Saturday, 4 October 2008


Random Thoughts on an Amazing Trip
Touched all five regions of Rwanda in 10 days – a truly invigorating, exciting yet knackering experience :)
North to Ruhengeri and Virungari; South to Murambi, Butare and Nyanza; East to Akagera; West to Kibuye and Central Kigali.
Could I recommend Ethiopian Airlines? Can’t fault them for price. Baggage handling at Heathrow was excellent. Don’t touch their veggie alternative in flight food – even if you have to go hungry! Leave plenty of time at the other end and check they have issued the right tickets for the right flight! You get what you pay for.
Marion's house is well cute. Shared with her three cats Shula, Mao and Ishuheri (shue). Off a main street in Kigali. Brick built but on a very traditional line with a thatched roof made from tree branches:
Over the road, beyond the yellow gate, is Ndolies. A local grocery shop that has within it the ability to change any currency into any other currency at better than bank rate :)
Round the back is a small circular out house that used to house a guard, not a very good guard, who has now been exchanged for a Kazie. Every home should have a Kazie!
The mode of transport of choice is the moto. Cheap n exciting. You may have mis givings but you have to, eventually, travel by moto. They look more dangerous than they are, don’t travel fast just a bit irratically, but by far the cheapest and most available form of public transport.
One cameo worth relating. Day two, night time, and the three of us set off on moto’s to a restaurant on the far side of Kigali. Rwandese do not like to disappoint so will always answer ‘yes’ to ‘do you know where’ and ‘do you have’ questions when often they haven’t a clue. More than once moto’s had to be redirected to the correct destination. After a while I was aware that the other two motos were not behind me. My driver only spoke Swahili. Needless to say I did not. The street lights were out, a common occurrence in night time Kigali, I hadn’t a clue where we were going (thing is, did he?) or the direction back to Marion’s if he did not and no mobile phone. Was I pleased when the other two suddenly turned the corner and rejoined me. Don’t get me wrong I still felt very safe, for all its chequered past Rwandese currently treats visitors very well – once you come to terms with Musungu, more of that later. 
We did the rounds of eating places in Kigali. But the best. The timing was set around Marilyn’s birthday the high spot of which was a trip, organised by Marion, to Kigali’s famous Indian restaurant, India Khazana. We awaited the meal. The lights went out. No one paid heed as power cuts are a regular feature of night time Kigali. A tray of candle lights appeared across the room and the delightful sound of the entire catering crew, bedecked in traditional costume, sang the 'jambo' song that dove tailed into 'happy birthday' and danced their way across the restaurant. Even as they approached the table, and the strains of ‘happy birthday to you’ emerged Marilyn was still convinced it must be someone else’s birthday. Round the table they gyrated carrying Marilyn and Marion with them in the dance. Wonderful :)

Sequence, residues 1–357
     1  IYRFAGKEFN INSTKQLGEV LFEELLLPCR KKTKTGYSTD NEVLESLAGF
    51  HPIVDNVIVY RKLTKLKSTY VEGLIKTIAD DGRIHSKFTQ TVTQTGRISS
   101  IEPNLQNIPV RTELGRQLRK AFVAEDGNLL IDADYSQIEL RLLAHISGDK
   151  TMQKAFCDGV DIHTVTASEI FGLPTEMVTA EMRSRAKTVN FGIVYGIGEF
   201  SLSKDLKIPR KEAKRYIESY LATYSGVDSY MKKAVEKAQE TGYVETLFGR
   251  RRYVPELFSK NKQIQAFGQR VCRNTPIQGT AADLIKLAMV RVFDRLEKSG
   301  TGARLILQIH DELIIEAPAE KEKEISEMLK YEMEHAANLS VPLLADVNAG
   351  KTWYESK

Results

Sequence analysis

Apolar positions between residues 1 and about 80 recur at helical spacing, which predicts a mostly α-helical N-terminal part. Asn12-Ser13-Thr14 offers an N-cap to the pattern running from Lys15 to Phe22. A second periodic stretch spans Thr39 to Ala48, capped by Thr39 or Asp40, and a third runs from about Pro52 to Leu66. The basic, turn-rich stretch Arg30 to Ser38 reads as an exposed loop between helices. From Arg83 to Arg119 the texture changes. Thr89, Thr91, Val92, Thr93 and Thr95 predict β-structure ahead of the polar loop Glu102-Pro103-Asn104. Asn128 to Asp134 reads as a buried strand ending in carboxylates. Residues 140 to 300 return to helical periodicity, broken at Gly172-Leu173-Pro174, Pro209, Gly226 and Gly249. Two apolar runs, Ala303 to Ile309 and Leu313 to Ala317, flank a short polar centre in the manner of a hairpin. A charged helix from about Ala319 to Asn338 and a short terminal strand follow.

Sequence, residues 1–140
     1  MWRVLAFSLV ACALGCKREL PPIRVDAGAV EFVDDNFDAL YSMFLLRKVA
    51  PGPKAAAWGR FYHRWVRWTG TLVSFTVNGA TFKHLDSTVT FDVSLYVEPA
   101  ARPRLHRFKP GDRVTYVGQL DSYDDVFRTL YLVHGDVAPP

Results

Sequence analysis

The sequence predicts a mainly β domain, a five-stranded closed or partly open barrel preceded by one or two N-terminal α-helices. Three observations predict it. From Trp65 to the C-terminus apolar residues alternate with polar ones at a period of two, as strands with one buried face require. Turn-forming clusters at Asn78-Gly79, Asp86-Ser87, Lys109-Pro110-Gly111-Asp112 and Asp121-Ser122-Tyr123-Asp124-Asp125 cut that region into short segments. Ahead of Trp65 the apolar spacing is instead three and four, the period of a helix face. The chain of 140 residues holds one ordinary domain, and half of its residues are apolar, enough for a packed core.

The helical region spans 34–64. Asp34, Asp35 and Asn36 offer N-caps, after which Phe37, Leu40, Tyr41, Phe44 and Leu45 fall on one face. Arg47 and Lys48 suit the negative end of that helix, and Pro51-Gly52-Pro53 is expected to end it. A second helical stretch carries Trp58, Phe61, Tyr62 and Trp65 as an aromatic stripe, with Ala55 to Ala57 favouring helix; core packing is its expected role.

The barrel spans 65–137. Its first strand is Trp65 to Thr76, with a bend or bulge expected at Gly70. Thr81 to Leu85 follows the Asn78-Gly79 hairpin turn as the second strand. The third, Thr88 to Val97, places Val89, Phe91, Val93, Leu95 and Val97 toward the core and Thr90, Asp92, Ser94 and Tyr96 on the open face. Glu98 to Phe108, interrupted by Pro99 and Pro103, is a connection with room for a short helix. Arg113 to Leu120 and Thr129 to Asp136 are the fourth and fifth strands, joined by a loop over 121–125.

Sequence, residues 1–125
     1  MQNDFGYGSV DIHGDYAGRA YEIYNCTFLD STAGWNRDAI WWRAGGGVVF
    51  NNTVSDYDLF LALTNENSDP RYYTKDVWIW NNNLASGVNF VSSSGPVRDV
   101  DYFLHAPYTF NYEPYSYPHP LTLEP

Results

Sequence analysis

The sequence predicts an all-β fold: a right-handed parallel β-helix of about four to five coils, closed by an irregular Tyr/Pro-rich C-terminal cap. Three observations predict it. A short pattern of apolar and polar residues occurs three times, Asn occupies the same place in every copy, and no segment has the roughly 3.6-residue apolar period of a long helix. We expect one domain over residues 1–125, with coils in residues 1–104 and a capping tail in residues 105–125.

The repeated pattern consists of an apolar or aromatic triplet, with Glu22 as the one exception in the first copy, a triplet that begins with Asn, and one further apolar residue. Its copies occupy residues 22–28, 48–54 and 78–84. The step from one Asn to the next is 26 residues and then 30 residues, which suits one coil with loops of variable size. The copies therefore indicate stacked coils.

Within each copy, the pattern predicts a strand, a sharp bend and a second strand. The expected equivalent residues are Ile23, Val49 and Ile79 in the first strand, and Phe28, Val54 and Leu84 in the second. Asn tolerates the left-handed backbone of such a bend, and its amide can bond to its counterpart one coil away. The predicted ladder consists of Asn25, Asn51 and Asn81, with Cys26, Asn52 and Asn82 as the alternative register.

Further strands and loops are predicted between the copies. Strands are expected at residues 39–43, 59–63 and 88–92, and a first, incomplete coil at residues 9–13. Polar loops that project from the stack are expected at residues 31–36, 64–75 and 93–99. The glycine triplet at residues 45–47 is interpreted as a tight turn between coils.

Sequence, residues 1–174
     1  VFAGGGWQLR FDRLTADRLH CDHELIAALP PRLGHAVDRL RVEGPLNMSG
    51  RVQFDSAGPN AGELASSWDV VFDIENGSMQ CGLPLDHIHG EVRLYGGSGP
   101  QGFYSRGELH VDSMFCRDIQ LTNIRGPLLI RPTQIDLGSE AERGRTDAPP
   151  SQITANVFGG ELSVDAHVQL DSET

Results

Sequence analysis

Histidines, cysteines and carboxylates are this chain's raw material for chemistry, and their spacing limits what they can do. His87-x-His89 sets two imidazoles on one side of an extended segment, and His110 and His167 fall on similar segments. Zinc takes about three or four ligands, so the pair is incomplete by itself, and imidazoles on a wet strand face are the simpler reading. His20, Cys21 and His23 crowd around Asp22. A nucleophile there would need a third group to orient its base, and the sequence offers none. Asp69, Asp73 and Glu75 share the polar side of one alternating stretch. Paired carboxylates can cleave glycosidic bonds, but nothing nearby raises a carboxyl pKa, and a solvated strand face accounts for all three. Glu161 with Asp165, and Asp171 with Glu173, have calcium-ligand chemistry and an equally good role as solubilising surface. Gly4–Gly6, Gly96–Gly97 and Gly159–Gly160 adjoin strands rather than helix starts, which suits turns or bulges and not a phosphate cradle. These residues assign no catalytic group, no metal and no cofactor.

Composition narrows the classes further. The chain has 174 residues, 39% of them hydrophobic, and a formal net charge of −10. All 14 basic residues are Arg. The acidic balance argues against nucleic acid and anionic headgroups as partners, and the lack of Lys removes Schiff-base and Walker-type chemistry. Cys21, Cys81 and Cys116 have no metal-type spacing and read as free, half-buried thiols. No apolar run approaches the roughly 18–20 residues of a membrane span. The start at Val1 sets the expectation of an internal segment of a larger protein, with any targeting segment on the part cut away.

But the gorilla trek has to be the high point. We were all issued with the tall walking sticks – with appropriately carved gorilla figurine carved tops. Setting off at a jaunty pace we crossed acres of potatoes fields, careful not to damage crops, passed a preserved old style native village. Nonchalantly swinging walking sticks we were beginning to wonder why we really needed them. Over the wall, half way up the steep muddy incline and you know why you needed walking sticks! Also later coming back down they saved many a tumble. 
We were a team of 8 tourists – 3 Brits, 3 American and 2 Antipodeans + guides and pack carriers. A couple of hours into the trek and the first sighting of gorilla. We carefully closed in on each other, we looking for photo opportunity they looking for food (and a bit of posing for the tourists). The guides had a great way with conversing with the gorillas. The big silver back had an enormous propensity for eating vegetation and, naturally enough, breaking wind. Mother, baby, big ben were almost as close to us as you are to this screen. Truly fascinating. If you ever get the chance try to ignore the cost – Rwanda does have an emerging economy and many gorillas to support – it is one of life’s amazing experiences.

Under the surface is always the genocide. Amongst such beauty it is even harder to comprehend why the genocide happened, though its marks and reminders are still all pervasive. There is no more poignant reminder than Murambi. Rows and rows of rooms full of bodies where they fell just covered in quick lime. I accept that you can read about it but until you stand in the middle of it - but there is little dignity for these people in death. A period that brings shame not just on their government of the day but also on the Belgian government, the Clinton administration, certain French troops and administrators, the United Nations - all of whom could have stoppped this but chose to look away -  as well as the perpetrators. Many brave and wonderful stories of the ‘Schindlers List’ type. How easily this could have been stopped before it started. The ability was there the will so clearly was not.